No One Is Mourning the Death of Bitcoin Giant Mt. Gox

Since peaking at more than $1,100 in late November, Bitcoin's trading value has fallen by half. On Wednesday, a Japanese court delivered a death blow to Mt. Gox, once the world's largest Bitcoin exchange, which had collapsed after hackers stole a huge trove of the cryptocurrency from the company's servers. By denying the exchange's application to rebuild under bankruptcy protection, the court sent the exchange hurtling toward liquidation.

But for the Bitcoin faithful, the death knell for Mt. Gox isn't the end of Bitcoin -- it's just the end of amateur hour. "Mt. Gox was like a slow motion implosion," said Jerry Brito, a senior research fellow at the Mercatus Center at George Mason University. Mt. Gox had struggled with funding, in the run-up to its shuttering, and many were skeptical about the reliability of its software. "Anyone who was paying attention knew months in advance that the end was around the corner."

The currency's survival since Mt. Gox's demise serves as a testament to the rapidly growing cryptocurrency industry. "If this had happened to Gox two years ago, it would have been a much bigger setback," says Nicholas Colas, chief market strategist for ConvergEx, a brokerage firm in New York. While Mt. Gox is an embarrassing milestone for the currency, a sufficient number of other exchanges, such as Coinbase and CoinX, have emerged to preserve its future.

In fact, since news broke in February that Mt. Gox had been hacked and robbed of some $500 million in Bitcoin, the currency's profile and availability has only continued to grow. Bitcoin ATMs are popping up in Australia, the United States, and even mainland China, where the government has threatened to crack down on banks that handle the currency. The online retailer began accepting Bitcoin in early January. Two months later the company reported that its customers had purchased $1 million worth of goods using the cryptocurrency. (Amazon, however, remains unconvinced.)

Meanwhile, additional investment is promising to move Bitcoin out of your mom's basement and into the corridors of Wall Street. Firms like Perseus Telecom and Atlas launched a high-speed trading platform for the cryptocurrency, and New York is exploring a way to regulate virtual currency exchanges. For confirmation of the currency's mainstream appeal look no further than the Winklevoss twins, who have reportedly made a big investment in Bitcoin.

Some of those initiatives may very well fail, but risk has been sufficiently spread among players in the industry that the collapse of one company won't spell the currency's end. "We worry a lot in the U.S. about 'too big to fail.' There is now no too-big-to-fail institution with Bitcoin," says Cola.

Many, like Cola, think that the next step for the currency's rapid move toward mainstream acceptance will be increased transparency and regulation -- an indication of how investors rather than activists have become the driving force behind the currency's expansion. "I think the central bit of regulation needs to be consumer protection. It has to be robust." When hackers attacked Mt. Gox, users lost several hundred million of dollars worth of Bitcoin. It's exactly that kind of scenario that makes many ordinary consumers hesitant to adopt cryptocurrencies.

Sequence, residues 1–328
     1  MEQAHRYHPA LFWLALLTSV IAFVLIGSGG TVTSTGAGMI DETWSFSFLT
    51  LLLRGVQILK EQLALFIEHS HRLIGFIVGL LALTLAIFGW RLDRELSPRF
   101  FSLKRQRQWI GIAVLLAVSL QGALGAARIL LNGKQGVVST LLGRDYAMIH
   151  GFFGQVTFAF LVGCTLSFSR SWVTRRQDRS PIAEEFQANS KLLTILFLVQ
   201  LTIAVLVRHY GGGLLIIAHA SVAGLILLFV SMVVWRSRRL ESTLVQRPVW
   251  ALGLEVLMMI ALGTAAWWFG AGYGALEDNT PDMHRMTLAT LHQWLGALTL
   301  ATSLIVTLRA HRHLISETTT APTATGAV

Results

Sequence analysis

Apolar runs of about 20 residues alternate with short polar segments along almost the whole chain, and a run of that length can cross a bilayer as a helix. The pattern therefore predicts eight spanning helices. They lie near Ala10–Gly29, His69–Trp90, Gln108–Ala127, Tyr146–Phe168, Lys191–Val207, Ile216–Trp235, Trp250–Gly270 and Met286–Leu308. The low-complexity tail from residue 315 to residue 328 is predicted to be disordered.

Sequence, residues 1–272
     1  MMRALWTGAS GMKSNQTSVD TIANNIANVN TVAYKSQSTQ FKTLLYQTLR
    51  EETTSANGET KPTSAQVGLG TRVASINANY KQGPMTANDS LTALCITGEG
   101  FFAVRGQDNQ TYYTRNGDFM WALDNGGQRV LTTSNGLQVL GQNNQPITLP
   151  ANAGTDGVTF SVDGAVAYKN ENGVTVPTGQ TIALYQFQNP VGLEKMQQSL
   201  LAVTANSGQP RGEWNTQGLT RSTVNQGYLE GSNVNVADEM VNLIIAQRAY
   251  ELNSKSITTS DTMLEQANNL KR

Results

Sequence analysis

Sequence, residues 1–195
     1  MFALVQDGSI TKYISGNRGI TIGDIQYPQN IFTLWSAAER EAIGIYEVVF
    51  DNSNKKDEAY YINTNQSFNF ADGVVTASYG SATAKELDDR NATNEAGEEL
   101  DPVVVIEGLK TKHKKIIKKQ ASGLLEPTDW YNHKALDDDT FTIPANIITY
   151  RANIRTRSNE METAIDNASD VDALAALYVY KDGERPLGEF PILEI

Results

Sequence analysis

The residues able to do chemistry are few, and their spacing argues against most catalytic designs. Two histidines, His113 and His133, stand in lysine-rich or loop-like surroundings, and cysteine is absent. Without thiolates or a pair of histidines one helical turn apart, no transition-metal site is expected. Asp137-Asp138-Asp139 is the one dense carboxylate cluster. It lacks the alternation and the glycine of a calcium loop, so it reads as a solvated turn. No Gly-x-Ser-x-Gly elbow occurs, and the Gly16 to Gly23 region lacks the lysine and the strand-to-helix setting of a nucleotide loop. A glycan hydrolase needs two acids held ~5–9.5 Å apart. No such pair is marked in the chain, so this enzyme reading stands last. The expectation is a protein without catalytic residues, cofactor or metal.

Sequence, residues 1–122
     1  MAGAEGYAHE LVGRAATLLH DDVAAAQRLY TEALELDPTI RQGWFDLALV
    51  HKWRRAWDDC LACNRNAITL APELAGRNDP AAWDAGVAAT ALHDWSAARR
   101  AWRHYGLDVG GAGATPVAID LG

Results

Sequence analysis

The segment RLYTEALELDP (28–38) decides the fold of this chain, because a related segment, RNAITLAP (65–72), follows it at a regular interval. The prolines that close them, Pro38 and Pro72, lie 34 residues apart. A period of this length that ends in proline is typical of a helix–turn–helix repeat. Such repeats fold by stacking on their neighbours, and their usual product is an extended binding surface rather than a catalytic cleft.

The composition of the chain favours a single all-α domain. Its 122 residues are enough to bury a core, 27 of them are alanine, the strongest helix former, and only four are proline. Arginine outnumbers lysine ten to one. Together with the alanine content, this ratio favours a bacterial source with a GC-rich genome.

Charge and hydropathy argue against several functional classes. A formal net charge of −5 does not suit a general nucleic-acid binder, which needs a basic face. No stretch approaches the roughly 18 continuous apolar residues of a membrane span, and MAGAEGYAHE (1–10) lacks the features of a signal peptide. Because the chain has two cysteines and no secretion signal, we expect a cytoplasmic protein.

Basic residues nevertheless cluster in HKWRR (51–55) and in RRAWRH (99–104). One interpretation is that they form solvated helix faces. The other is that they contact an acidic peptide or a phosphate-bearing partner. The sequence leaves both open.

But whatever comes next, there isn't much in the way of nostalgia. "Mt. Gox is dead," says Brito. "Let it die."



Status-Anxious CEOs Will Sacrifice Profits for a Knighthood

Picture the platonic, if slightly exaggerated, ideal of a CEO: a focused leader of their subordinates, a relentless pursuer of profit -- that is, of course, unless he or she gets distracted along the way. Come to think of it, "sir CEO" has a really nice ring to it, doesn't it?

In a new paper, researchers Konrad Raff and Linus Siming found that CEOs were willing to let their firm's performance suffer for the sake of...a knighthood (or a damehood, if she happened to be a woman). Chief executives, it seems, actually forsake cutting costs or firing employees when presented with the possibility of the archaic honor -- the award of which might be hurt by, say, a round of ugly layoffs.

Governments, in turn, may be using such awards as a low-cost means of boosting employment in companies run by CEOs that are suckers for status symbols, according to Raff and Siming, who are professors at VU University Amsterdam and Bocconi University, respectively.

The pair examined the performance of companies in New Zealand, where honors like knighthoods were abolished in 2000 and then reinstated in 2009. In the interim years, when knighthoods and damehoods were no longer available, the net profit margins of firms run by native New Zealanders -- that is, those who had been eligible for honors - improved by 52 percent. (The research looked at low-competition industries, in which a CEO might have room to keep some fat on the payroll without sending his company into bankruptcy.) At the same time, the companies also saw a decrease in both staff costs and the number of employees, an indication of where those extra profits might be squeezed from.

But when the honors were reinstated, net profit margins fell by 44 percent. "The results indicate that government awards distort CEO incentives to the detriment of shareholders," the authors write.

As for whether politicians are doing this consciously -- using knighthoods to encourage the continued employment of dead weight -- Raff and Siming aren't sure. They do note, however, that awards are "less costly than alternative measures" -- say, subsidies or regulations.

The bottom line: CEOs aren't entirely creatures driven by profit. They're also surprisingly drawn to archaic, wholly symbolic, honors like knighthoods. Who says chivalry is dead? 

Flickr/Hans Splinter